"No one can say whether that will happen in these elections but you do get a sense that there is a sense of wanting to try something different," Deputy Director of Amnesty International in South Asia Omar Waraich told Time.
A seat at the table
One of the four transgender candidates standing for office is Nayyab Ali, the national spokesperson for the All Pakistan Transgender Election Network.
Her experience mirrors that of many transgender people in Pakistan, having been a victim of violence and ridicule.
Ali was reportedly forced to leave home at the age of 13 and later attacked with acid by a former boyfriend.
She told Time that "the transgender community is progressing slowly in Pakistan - we're finding positions in various industries like education and journalism".
"But the real change-making power lies in politics, which is why I'm contesting the elections this year. We need to be part of the legislative process to better our community," she said.
She told the BBC that a spike in violence against the transgender community spurred her to run.
"Transgender people are being murdered now. There used to be incidents of beating and acid attacks... but these days they just kill us," she said.
It's a point known all too well by fellow-transgender candidate Maria Khan.
"I barely survived an assassination attempt when shots were fired at my house in Mansehra. There are still bullet holes all over my front door," she said.
'Change begins at home'
Campaigners say there are signs of progress in the conservative South Asian nation where homosexuality remains a crime.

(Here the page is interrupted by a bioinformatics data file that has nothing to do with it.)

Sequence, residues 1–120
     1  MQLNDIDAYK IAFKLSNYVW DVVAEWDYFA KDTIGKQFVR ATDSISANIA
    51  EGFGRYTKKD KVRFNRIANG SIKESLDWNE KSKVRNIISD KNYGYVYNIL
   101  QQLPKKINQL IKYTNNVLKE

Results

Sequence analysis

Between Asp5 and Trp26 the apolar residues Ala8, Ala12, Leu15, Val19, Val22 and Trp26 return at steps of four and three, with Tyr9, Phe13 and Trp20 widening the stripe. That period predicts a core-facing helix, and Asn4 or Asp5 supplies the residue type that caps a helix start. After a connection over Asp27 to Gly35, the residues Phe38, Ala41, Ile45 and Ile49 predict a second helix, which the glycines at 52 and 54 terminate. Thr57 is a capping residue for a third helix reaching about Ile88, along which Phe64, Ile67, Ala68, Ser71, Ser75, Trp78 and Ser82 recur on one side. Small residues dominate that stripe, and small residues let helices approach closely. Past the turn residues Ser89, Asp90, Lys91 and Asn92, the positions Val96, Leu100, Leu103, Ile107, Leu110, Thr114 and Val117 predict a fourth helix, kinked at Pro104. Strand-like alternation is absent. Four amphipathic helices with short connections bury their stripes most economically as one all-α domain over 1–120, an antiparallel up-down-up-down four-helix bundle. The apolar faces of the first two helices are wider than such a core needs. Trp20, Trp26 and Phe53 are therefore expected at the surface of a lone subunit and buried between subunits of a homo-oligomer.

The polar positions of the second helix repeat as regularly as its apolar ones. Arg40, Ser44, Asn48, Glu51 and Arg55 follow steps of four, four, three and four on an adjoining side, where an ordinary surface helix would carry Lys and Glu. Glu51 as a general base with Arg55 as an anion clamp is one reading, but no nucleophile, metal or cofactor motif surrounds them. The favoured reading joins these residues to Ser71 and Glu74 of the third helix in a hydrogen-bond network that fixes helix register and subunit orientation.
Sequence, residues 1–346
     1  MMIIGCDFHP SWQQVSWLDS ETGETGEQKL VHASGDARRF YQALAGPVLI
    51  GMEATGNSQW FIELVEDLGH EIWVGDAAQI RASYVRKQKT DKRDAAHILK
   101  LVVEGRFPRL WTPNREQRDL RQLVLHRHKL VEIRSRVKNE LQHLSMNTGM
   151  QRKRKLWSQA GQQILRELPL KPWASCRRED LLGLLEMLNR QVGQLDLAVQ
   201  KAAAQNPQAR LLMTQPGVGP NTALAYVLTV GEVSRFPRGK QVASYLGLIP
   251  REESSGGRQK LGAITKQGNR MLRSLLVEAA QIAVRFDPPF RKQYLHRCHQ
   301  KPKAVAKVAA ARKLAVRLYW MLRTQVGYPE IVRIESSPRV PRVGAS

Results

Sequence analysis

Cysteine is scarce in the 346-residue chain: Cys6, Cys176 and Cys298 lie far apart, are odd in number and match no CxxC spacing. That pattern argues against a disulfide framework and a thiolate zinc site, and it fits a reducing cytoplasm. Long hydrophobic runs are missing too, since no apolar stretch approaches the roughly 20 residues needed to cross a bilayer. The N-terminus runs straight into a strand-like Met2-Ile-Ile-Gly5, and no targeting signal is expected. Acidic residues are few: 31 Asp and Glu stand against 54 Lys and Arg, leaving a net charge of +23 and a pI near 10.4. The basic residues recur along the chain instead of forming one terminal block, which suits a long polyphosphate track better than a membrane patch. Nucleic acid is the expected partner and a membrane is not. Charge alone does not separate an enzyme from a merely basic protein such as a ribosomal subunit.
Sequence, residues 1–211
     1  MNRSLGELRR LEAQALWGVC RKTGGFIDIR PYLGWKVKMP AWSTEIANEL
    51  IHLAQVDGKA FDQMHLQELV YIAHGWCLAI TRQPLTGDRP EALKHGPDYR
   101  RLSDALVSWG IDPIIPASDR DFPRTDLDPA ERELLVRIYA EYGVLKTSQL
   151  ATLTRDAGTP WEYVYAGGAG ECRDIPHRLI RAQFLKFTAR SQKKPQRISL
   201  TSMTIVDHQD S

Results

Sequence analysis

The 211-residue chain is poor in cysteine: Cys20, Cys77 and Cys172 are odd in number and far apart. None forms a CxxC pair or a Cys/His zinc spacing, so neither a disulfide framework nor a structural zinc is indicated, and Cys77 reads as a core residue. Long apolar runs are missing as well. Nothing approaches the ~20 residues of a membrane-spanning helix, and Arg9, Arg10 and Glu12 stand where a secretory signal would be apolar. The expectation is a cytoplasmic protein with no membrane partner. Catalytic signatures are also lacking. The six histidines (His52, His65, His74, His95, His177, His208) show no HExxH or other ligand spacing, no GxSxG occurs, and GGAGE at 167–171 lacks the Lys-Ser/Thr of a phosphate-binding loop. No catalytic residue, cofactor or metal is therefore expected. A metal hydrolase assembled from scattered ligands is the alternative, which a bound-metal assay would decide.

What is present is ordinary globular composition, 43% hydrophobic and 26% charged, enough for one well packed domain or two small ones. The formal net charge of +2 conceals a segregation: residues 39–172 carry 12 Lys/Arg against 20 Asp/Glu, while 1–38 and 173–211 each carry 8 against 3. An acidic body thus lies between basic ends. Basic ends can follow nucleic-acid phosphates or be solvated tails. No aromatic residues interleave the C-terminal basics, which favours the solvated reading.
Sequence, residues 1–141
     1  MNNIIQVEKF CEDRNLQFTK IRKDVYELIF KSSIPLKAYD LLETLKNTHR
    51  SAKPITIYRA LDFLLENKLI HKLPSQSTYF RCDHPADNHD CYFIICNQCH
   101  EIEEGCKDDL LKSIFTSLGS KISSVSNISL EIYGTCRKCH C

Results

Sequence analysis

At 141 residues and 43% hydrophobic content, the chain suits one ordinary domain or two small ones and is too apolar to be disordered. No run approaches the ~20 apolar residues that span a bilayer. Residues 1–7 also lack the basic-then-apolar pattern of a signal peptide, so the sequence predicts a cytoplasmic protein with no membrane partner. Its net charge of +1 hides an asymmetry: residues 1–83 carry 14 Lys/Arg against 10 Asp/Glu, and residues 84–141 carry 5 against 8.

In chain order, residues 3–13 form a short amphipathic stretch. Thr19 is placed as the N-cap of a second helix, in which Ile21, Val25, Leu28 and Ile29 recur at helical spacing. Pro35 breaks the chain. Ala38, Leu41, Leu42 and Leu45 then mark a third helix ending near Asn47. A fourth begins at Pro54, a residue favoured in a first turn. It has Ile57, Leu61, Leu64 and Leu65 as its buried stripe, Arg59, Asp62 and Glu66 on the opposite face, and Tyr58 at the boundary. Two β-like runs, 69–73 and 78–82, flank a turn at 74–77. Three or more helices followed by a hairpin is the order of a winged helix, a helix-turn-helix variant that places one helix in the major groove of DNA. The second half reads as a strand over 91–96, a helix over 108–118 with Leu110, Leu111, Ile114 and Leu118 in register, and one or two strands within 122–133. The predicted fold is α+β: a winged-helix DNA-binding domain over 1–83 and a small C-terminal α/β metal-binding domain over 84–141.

The Supreme Court ruled in 2009 hijras could get national identity cards as a "third sex" and last year the government issued its first passport with a transgender category.
And a new bill passed last year allowed Pakistanis to determine their own gender identity and clamped down on harassment and discrimination against the trans community.
In a big win for the visibility of transgender people, Marvia Malik became Pakistan's first trans news anchor in March.
While Malik is happy that the government is slowly bringing the community into the mainstream, she said the only way to get meaningful change if is "change begins at home".
"We have to tell parents not to be ashamed of their kids who cannot conform to the sex assigned at birth," she said, adding that transgender people were often thrown out by their families.
"We are left with no option but to turn to begging, dancing and selling our bodies."
Additional reporting: Reuters